A smaller difference is that road bike rear clusters usually have a smaller span(difference between smallest and largest) than MTBs.

    Keep in mind that there's a lot of interchangeability within the (Shimano) road family and the MTB family. Take a roadie, give it a MTB cassette and a long cage RD (splice on some links of chain) and you should be well equipped handle quite a lot of climbs.

    More bikes are always better :D But do you want to pay for it, have you got the time to train on both bikes, can your support team bring the bike to where you need it, can you store it securely between uses?

    It all depends on the hills and how much you're willing to pay for your MTB. On one hand there's always a possibility of finding a hill steep and long enough to make the rider wish for a granny gear. OTOH you can get a MTB below 9 kg, at which point the weight penalty compared to an average road bike isn't that big any longer.
     
  4. Eden

    Eden New Member

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    A book you might want to check into "The Long Distance Cyclist's Handbook" by Simon Doughty ISBN 1-58574-526-X

    I'm assuming this is a supported ride and you won't have to carry much with you during the day. What you probably want to look into is a "sport touring" style bike. Not as agressive as a race bike in position or handling, but not as heavy duty as a bike meant for loaded touring. I think in Britian they might be refered to as "audax" or "randonee" bikes.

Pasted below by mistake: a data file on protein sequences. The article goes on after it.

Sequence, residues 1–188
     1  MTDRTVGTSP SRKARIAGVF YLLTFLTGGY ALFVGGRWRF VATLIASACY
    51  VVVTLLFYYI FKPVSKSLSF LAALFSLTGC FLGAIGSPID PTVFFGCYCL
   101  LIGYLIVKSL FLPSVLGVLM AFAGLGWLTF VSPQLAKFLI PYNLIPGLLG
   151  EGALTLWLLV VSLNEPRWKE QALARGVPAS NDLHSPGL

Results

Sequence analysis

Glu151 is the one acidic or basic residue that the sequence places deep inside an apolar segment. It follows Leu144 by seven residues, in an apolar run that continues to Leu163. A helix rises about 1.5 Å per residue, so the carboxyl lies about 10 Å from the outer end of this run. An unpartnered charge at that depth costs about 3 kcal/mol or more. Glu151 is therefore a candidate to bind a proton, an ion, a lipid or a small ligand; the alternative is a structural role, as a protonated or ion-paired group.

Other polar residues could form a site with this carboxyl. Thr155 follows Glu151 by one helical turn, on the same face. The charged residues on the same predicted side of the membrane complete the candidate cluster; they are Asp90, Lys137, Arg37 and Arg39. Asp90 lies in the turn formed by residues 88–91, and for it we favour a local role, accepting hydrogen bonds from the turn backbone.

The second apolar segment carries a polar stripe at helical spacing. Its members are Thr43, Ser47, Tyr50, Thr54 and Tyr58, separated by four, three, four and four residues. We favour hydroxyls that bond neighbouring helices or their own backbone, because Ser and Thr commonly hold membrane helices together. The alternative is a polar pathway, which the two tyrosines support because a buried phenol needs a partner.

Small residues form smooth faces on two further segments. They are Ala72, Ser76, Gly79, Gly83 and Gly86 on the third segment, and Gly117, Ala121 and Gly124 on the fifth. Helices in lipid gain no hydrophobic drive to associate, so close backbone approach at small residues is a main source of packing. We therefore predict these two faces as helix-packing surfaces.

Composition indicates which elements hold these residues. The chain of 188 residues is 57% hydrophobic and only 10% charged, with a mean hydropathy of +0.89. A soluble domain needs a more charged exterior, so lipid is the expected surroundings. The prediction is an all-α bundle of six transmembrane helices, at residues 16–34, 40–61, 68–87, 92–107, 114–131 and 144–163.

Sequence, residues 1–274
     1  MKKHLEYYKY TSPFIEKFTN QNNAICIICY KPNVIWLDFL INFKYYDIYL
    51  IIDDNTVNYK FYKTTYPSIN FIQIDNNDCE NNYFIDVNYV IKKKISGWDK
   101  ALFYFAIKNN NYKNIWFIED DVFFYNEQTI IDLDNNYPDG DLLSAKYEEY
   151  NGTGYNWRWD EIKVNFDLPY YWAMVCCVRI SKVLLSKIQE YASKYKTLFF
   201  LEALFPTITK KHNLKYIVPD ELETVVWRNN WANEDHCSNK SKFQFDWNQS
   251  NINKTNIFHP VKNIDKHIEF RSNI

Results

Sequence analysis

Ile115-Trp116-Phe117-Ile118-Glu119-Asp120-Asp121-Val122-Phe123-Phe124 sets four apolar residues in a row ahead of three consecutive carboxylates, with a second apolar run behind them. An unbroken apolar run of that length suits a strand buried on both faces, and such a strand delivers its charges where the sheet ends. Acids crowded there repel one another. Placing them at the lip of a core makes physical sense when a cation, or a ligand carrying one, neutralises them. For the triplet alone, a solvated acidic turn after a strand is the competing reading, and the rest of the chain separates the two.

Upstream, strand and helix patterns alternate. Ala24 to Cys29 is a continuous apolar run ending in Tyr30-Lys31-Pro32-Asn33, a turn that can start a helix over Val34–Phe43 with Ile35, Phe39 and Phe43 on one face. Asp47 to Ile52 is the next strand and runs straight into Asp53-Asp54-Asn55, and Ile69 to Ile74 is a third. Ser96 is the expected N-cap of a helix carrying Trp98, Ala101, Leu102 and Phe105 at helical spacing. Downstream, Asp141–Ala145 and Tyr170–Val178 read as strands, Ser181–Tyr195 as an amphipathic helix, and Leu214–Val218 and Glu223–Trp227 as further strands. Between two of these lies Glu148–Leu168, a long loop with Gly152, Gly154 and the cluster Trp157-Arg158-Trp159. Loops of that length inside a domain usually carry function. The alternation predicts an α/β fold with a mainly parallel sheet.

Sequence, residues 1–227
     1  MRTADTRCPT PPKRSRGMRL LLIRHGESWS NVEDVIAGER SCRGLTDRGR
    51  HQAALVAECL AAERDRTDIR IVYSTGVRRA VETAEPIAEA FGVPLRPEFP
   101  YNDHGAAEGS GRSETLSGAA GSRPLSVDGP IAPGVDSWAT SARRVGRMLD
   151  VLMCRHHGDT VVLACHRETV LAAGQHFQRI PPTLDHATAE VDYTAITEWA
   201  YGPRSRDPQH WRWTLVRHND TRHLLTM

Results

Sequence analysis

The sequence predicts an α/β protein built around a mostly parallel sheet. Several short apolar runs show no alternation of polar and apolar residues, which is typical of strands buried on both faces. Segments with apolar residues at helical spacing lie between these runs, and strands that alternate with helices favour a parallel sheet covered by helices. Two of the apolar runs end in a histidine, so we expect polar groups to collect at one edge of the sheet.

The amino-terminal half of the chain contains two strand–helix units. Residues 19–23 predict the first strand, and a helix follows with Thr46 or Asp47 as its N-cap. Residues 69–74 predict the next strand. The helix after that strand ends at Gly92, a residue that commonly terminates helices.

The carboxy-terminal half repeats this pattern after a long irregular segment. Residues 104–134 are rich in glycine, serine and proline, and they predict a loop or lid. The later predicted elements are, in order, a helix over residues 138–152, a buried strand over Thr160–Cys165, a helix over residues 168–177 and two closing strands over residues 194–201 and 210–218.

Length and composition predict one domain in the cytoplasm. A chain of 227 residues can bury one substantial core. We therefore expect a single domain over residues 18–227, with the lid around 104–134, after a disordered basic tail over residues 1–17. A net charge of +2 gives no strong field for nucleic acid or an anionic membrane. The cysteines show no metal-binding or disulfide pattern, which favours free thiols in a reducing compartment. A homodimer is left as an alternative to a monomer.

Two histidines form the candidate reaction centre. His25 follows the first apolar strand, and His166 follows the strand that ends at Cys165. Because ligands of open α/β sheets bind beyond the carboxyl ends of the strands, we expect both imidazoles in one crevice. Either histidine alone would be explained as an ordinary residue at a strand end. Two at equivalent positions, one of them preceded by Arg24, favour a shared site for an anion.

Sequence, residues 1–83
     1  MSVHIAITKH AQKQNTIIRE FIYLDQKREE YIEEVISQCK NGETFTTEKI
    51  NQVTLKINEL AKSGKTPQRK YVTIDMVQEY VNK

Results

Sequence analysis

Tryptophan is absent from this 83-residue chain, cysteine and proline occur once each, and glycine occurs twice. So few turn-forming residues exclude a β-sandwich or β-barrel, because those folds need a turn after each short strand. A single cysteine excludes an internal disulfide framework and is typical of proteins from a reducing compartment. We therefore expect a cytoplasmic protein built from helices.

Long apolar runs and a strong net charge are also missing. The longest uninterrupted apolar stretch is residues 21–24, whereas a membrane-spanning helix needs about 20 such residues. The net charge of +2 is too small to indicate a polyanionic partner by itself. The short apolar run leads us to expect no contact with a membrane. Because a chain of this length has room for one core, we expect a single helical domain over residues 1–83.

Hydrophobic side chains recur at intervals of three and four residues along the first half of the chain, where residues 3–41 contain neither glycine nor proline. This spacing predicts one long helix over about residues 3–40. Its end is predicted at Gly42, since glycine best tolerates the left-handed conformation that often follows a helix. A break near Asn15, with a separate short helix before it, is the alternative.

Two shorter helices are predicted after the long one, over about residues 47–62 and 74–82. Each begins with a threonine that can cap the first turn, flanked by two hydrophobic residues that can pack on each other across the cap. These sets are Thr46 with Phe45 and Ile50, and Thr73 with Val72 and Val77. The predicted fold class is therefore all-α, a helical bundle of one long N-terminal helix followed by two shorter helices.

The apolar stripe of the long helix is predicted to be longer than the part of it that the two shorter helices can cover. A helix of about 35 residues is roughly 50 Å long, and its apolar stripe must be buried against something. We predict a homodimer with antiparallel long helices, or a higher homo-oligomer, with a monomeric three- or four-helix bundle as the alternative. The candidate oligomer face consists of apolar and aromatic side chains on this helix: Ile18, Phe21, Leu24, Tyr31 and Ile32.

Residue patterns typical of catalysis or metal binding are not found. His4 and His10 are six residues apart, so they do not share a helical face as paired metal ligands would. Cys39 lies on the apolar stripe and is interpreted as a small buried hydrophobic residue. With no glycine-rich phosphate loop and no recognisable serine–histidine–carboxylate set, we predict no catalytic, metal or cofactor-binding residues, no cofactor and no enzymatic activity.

I wouldn't bother getting more than one bike. It sounds like you are a fit guy and I wouldn't expect you to have trouble up hills. You can always get lower gearing on a road bike, and though even most triple chainring bikes are not set up quite as low as mountain bikes, the greater weight of a mountain bike does off set those gearing changes. (In any case, you can make some modifications to a road bike so that it can accept lower gearing and some bikes meant for loaded touring come geared quite low). Of course you may find that you love cycling and need more than one bike for different purposes in the end.... its a bit of a disease like that, I have 5 right now......., but start with one.
     
  5. Stehoyles

    Stehoyles New Member

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    Thanks very much for the help so far guys!

    My understanding so far is this...

    Regarding the hills, although the MTB is more suited, the extra weight may erase any benefit I gain from the better gears, unless I spend a few quid on a really light bike.

    The touring road bike is likely to be my best option- it will have good gears, yet it will be both light and sturdy enough to allow me to pedal for days on end.

    A bit of extra info, if it helps....

    I weigh 84kg (185 lbs), but this is at 11% body fat, so I am pretty lean. I know I am perhaps too heavy for a cyclist, but as I focus on my bike training I will lose some muscle, making me lighter.

    The trip is going to be assisted- we will have a support van with us the whole way carrying all supplies. I will only be carrying myself and my water bottles. The van will have room to store an extra bike.